What's Happening in the Region
From Hydro-Conflict to Hydro-Cooperation
Former Uzbek President Islam Karimov once warned that large-scale hydropower projects that threatened the flow of water to downstream countries, such as Uzbekistan, could spark a war in Central Asia.
An agreement for construction of a large hydropower plant (HPP) in Kyrgyzstan was just signed, and Uzbekistan was one of three Central Asian countries that signed the deal.
The energy ministers of Kazakhstan, Kyrgyzstan, and Uzbekistan met in the Kyrgyz capital Bishkek on January 6 and signed a “road map” for construction of the Kambar-Ata-1 HPP.
Kambar-Ata-1 was one of the projects Karimov meant when he made his comments about a potential war.
The idea for building Kambar-Ata-1 has been around since the Soviet days. It involves construction of an HPP on the Naryn River in Kyrgyzstan with a capacity to generate 1,860 megawatts (MW).
The part Karimov objected to was construction of a reservoir to hold 5.4 billion cubic meters of water for the HPP.
Karimov was worried about what would happen to agricultural land in his country while water was being siphoned into the reservoir from the Naryn River, which continues flowing into Uzbekistan and Kazakhstan.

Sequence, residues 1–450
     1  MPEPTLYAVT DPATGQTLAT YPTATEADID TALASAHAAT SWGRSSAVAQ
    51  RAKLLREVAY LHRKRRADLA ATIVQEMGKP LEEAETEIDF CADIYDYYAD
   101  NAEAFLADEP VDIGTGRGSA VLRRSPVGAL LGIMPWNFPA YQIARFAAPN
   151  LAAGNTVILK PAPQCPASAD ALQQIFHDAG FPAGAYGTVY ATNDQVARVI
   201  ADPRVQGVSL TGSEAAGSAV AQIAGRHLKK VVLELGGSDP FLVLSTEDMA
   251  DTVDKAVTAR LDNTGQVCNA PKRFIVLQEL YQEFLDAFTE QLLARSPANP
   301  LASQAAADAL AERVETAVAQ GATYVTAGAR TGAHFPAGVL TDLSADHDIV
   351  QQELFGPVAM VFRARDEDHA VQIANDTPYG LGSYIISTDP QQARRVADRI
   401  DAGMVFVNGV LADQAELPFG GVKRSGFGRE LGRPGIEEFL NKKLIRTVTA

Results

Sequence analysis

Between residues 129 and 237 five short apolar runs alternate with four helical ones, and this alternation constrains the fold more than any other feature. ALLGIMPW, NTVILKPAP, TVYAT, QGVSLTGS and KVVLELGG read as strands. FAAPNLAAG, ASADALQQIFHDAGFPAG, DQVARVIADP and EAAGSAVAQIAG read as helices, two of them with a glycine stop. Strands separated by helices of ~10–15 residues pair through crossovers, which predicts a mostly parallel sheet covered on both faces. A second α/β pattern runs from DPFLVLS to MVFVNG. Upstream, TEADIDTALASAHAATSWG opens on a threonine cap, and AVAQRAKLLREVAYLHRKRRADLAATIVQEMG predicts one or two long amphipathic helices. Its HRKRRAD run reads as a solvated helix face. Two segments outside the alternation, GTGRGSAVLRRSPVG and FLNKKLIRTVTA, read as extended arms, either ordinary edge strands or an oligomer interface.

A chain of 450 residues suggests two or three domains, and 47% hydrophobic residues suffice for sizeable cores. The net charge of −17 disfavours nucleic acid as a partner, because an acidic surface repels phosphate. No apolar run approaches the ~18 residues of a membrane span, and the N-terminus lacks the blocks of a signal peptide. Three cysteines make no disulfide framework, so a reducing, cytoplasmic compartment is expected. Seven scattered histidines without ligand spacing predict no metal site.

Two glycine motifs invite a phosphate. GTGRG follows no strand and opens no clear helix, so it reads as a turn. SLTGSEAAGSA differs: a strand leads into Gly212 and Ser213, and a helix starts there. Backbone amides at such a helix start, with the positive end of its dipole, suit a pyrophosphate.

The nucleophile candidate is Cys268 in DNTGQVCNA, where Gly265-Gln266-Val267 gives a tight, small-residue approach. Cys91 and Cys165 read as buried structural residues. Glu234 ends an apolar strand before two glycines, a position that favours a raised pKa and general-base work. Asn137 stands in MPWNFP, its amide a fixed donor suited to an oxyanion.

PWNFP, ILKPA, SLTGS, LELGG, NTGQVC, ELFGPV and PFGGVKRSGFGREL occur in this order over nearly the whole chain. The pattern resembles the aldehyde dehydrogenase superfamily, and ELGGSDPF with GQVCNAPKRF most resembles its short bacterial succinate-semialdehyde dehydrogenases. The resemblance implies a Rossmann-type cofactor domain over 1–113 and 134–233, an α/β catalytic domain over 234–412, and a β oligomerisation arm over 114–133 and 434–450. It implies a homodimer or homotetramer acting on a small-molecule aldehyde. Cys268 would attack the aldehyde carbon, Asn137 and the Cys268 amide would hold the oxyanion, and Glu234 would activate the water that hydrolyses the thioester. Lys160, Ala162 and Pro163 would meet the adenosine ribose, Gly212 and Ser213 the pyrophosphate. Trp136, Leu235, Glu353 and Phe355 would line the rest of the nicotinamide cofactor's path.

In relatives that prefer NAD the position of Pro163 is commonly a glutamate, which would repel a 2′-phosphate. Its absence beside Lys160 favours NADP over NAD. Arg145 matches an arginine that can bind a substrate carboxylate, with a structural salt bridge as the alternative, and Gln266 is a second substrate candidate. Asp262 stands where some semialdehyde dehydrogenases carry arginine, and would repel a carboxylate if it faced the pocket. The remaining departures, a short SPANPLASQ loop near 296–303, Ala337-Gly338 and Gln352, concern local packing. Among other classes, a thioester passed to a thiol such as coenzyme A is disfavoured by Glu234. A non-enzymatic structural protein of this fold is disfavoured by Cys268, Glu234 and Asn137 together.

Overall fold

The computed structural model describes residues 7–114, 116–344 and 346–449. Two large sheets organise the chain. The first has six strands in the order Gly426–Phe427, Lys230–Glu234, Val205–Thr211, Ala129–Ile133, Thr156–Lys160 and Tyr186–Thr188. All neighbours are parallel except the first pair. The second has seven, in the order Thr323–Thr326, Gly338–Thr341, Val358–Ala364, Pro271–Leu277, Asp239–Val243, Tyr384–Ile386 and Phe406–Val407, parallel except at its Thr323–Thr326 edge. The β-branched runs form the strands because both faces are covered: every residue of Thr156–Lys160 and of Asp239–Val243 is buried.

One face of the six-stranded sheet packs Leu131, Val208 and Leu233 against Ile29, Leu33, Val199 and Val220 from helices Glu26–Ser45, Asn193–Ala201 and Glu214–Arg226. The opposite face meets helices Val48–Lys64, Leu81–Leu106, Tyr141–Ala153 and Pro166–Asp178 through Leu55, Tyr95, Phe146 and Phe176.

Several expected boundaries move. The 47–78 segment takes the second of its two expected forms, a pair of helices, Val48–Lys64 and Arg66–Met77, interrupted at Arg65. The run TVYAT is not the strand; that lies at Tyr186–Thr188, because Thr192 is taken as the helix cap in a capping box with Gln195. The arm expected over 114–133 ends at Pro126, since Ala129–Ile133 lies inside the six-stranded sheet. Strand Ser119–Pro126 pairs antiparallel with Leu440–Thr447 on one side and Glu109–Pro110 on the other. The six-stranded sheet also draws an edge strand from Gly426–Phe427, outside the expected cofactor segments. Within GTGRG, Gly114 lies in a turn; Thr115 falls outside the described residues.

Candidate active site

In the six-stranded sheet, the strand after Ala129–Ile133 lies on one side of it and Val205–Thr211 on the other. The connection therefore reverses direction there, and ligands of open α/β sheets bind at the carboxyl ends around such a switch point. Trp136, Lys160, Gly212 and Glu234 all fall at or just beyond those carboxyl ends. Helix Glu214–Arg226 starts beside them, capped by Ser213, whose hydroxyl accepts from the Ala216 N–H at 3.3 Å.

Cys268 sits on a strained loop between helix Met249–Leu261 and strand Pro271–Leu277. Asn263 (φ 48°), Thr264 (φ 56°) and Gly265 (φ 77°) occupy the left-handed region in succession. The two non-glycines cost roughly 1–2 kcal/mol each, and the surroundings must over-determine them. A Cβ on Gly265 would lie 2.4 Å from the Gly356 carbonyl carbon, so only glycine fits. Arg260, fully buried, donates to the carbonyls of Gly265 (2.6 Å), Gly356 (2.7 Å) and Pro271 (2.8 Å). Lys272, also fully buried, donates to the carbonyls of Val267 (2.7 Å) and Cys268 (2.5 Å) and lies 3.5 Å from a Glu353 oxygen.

Uzbekistan has a new president now. When Shavkat Mirziyoev took over in late 2016, he signaled he would not be opposed to construction of large HPPs in the neighboring upstream countries.
Construction of the Kambar-Ata-1 HPP would turn Kyrgyzstan from an electricity importer to an exporter.
Kyrgyzstan’s Toktogul HPP, currently the largest HPP in the country, has a capacity of 1,200 MW and provides 40 percent of domestically produced electricity.
Why It’s Important: The participation of Kazakhstan and Uzbekistan in the construction of Kambar-Ata-1 is a good sign for regional cooperation. The two countries’ involvement should allay fears of insufficient water supplies during planting season.
Both countries also stand to gain from being able to import electricity from Kyrgyzstan during the spring and summer.
Kyrgyzstan is a poor country and could use the extra revenue from electricity exports and from saving money on energy imports.
Chinese Company Looking to Work Oil Fields in Northern Afghanistan
On January 5 in Kabul, a Chinese company signed a contract to develop oil fields in northern Afghanistan.